Palestinian President Mahmoud Abbas
Politburo Chief Khaled Mashaal
for asserting that his group will never recognize Israel,
hinting that the statement hinders the chances of the two-state solution, according to the Turkish newspaper Hurriyet.
“I don’t agree with Khaled Mashaal’s statement on the non-recognition of Israel because we, in fact, recognized it in 1993,” Abbas told reporters in Ankara at the conclusion of a two-day visit. “A four-article agreement between (Fatah and Hamas) stipulates a two-state vision. And Mashaal approved of this agreement."
During his first-ever visit to Gaza, Mashaal said
last week that Hamas "will never recognize the legitimacy of the Israeli occupation and therefore there is no legitimacy for Israel, no matter how long it will take.”
Abbas with Turkey's Gul (Photo: AFP)
The issue appears to be a bone of contention between Hamas and Fatah as the two groups make efforts to establish a unity government. According to Fatah official Azzam Al-Ahmad, Abbas and Mashaal discussed their reconciliation in a phone conversation on Wednesday. The two are slated to resume talks in Cairo within two weeks.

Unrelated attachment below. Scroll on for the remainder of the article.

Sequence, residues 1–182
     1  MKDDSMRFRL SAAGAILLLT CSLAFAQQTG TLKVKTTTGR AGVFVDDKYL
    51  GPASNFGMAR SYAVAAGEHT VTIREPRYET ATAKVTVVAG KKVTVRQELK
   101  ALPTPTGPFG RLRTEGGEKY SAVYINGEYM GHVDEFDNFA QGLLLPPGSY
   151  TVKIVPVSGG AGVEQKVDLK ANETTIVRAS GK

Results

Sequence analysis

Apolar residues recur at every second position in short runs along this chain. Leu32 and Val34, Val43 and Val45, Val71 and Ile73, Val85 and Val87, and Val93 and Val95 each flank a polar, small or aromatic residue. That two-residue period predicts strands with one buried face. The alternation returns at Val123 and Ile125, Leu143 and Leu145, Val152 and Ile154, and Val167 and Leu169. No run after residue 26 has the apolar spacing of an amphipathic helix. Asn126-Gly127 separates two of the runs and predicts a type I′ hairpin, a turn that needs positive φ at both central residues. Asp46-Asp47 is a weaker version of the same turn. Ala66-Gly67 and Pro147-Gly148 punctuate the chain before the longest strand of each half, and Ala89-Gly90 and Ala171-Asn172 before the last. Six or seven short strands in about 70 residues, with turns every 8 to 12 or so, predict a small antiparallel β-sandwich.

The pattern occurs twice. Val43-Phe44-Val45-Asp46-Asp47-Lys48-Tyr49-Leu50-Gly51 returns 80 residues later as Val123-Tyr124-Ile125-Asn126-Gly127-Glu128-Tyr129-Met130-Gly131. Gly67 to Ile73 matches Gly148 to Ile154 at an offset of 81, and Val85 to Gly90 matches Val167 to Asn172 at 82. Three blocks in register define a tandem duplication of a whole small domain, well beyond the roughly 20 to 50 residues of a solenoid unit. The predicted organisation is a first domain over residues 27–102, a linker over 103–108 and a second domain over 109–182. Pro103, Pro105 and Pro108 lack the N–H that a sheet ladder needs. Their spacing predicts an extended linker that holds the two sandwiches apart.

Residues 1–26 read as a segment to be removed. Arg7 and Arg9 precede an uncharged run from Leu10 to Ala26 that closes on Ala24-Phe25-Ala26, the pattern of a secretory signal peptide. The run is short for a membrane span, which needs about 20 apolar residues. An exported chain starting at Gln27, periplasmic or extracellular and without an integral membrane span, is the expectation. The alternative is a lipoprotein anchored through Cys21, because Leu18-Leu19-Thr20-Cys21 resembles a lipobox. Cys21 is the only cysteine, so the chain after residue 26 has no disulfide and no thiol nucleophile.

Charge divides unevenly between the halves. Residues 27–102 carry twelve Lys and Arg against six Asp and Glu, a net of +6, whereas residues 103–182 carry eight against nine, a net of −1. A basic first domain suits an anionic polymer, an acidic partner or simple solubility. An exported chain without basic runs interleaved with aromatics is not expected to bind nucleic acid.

Abbas traveled to Turkey to bolster the Palestinian Authority's ties with Ankara as he prepared to apply for membership in a variety of global institutions, according to the report in Hurriyet.
In his press conference, Abbas also addressed Israeli intentions to build thousands of new housing units in the E1 area of the West Bank,
a plan the Palestinians say would lop in half the region they want for a future state.
“This E1 plan is a very dangerous one," he said. "It’s aimed at splitting the West Bank into two parts.
"If Israel begins the construction, we will not be patient," Abbas threatened. "Then we will use every peaceful and diplomatic means to stop this settlement.
"Our status has changed after the vote and this gives us additional opportunities, but I will not name them now,” he said, alluding to the possibility he would turn to the International Criminal Court.
After meeting with Abbas on Tuesday, Turkish President Abdullah Gul
criticized Israel's plans for settlement construction in the contested area, warning that "Israel is playing with fire."
Gul strongly condemned the plan, saying that "Israel has become a burden to its allies."